Click on the image below to view an expanded illustration for this taxon. If more than one illustration is available for a species (e.g., two subspecies may be illustrated) then links to the separate images will be provided below.
Several species of Chiridota have been described from the waters of the northeastern Pacific. The species are poorly defined and difficult to distinguish; so until the taxonomy is revised, I cannot present definitive descriptions. C. albatrossii has the most complete description and is probably the common deepwater species.
All species are wormlike, varying in length up to 30 cm. Five longitudinal muscles and other organs are visible through the translucent skin. A series of white bumps (wheel papillae) of varying number occur in rows along the length of the body. These papillae contain clusters of microscopic wheel ossicles. The top pair in the figure is from a specimen collected near Auke Bay, Alaska, and the lower pair from near Victoria. There is a slight difference in size and detail, but they do not appear to be significantly different. Feeding tentacles are short and clawlike and range in number from 12 to 15, with 8 to 12 side branches. When freshly dredged, swollen sections of the body look like clear jelly beans.
Chiridota albatrossii can grow up to 25 cm long. In life, it is a pinkish purple; but in alcohol the body is pale with minute orange spots. The 12 pinnate tentacles each have 6 to 14 lateral fingers. Three irregular rows of white spots occur along the dorsal side, and a few rows ventrally. Wheel ossicles measure from 80 to 120 μm in diameter. Rod-shaped ossicles in the anterior dorsal skin are 50 to 150 μm long.
Chiridota is similar to the other common wormlike genus, Leptosynapta, but Leptosynapta is usually yellow, reddish or white; it has no rows of white spots, and it inhabits muddy intertidal or shallow subtidal areas. Leptosynapta species have anchors and anchor plates in the skin, not wheel ossicles.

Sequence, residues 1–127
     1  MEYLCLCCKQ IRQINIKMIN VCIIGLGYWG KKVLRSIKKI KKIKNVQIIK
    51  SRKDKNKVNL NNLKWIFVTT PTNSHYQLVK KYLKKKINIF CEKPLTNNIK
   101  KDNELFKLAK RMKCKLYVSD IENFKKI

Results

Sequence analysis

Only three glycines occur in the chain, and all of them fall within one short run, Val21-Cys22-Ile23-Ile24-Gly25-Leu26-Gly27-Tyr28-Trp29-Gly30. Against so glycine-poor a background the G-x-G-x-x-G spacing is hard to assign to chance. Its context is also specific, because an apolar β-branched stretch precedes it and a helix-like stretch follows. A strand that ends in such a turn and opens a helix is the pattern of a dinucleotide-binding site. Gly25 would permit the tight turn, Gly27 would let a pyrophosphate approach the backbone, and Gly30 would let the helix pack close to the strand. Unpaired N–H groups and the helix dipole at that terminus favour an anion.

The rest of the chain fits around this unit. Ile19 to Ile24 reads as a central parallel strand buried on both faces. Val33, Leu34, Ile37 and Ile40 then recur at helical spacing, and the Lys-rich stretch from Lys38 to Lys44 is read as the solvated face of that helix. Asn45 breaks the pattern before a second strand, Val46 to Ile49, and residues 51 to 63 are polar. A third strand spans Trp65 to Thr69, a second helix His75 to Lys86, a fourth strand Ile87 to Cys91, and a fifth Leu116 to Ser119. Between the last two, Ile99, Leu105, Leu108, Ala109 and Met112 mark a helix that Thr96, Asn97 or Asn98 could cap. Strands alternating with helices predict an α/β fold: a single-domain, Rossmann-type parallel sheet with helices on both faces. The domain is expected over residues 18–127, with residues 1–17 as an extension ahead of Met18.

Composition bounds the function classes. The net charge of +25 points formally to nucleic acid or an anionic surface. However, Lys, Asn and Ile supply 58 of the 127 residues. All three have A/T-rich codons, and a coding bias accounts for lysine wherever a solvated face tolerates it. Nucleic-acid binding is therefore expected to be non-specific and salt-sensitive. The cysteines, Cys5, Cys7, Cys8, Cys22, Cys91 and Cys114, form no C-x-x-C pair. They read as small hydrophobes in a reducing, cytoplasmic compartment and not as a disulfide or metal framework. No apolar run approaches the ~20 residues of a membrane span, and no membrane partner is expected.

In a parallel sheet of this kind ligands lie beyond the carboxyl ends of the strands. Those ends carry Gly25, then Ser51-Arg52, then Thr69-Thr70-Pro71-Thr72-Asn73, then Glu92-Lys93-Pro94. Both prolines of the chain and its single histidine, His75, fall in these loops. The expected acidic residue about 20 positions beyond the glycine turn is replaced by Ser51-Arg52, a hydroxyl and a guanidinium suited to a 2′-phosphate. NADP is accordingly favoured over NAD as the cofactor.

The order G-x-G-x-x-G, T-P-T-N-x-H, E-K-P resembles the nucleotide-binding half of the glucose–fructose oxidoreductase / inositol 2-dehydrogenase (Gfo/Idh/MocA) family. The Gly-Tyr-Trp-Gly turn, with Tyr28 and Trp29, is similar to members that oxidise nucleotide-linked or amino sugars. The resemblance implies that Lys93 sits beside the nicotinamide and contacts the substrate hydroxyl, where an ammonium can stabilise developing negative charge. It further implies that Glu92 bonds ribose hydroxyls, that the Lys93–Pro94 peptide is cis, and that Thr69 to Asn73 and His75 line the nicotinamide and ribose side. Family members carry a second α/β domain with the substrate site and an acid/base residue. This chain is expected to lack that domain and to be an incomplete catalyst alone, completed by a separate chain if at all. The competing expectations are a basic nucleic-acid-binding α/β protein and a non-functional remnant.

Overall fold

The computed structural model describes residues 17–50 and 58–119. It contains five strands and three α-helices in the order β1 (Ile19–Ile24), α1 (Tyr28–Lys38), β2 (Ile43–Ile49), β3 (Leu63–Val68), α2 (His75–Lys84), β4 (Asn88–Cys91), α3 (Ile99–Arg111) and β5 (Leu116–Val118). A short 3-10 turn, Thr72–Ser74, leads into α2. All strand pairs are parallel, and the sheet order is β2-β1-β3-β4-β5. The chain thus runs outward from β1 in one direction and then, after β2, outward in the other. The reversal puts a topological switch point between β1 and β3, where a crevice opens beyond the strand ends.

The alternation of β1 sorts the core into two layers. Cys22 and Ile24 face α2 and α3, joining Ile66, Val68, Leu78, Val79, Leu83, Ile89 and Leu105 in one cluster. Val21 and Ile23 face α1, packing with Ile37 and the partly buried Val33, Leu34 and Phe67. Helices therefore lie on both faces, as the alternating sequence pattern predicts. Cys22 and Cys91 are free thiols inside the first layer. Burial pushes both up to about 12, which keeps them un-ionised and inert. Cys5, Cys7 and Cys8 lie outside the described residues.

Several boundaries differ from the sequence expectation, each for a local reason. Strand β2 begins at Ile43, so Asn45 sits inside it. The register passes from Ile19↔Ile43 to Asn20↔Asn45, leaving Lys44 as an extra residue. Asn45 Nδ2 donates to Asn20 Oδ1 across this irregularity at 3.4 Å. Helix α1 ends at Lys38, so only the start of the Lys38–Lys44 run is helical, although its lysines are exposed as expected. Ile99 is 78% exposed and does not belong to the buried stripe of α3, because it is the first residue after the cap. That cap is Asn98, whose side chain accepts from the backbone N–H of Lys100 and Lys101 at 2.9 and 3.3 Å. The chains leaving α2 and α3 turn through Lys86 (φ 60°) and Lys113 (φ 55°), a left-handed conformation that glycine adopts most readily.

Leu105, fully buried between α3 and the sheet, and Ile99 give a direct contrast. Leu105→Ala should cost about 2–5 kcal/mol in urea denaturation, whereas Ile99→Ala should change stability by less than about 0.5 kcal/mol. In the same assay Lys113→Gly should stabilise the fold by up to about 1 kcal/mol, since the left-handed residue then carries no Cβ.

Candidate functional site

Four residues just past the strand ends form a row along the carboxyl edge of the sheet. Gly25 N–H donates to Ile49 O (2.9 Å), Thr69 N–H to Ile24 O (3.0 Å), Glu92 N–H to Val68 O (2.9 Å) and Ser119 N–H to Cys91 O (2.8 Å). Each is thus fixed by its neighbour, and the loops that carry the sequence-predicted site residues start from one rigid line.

While scuba diving on the evening of 28 March 1997 in Sechelt Inlet, Neil McDaniel observed large numbers of Chiridota extending from a mixed shell-gravel-mud substratum and releasing gametes from the anterior end. To my knowledge, this has not been reported in the literature before.
Specimens that I have identified as Chiridota albatrossii are extremely abundant (55 per m²) in the soft sediment of fiords like Howe Sound, Quatsino Sound, Alice Arm, Burke Channel and Portland Canal. I have also collected it in about 16 metres (50 feet) of water near the head of Saanich Inlet, near Victoria, in a soft, shell-covered slope next to burrowing anemones (Pachycerianthus).
Recommended citation: Author, Date. Page title. In Klinkenberg, Brian. (Editor) 2021. E-Fauna BC:
Electronic Atlas of the Fauna of British Columbia [efauna.bc.ca]. Lab
for Advanced Spatial Analysis, Department of Geography, University of British
Columbia, Vancouver. [Accessed:
2024-02-23 2:44:54 AM]
The information contained in an
E-Fauna BC atlas pages is derived from expert sources as cited (with permission) in each section.
This information is scientifically based. E-Fauna BC also acts as a
portal to other sites via deep links. As always, users should refer to
the original sources for complete information. E-Fauna BC is not
responsible for the accuracy or completeness of the original information.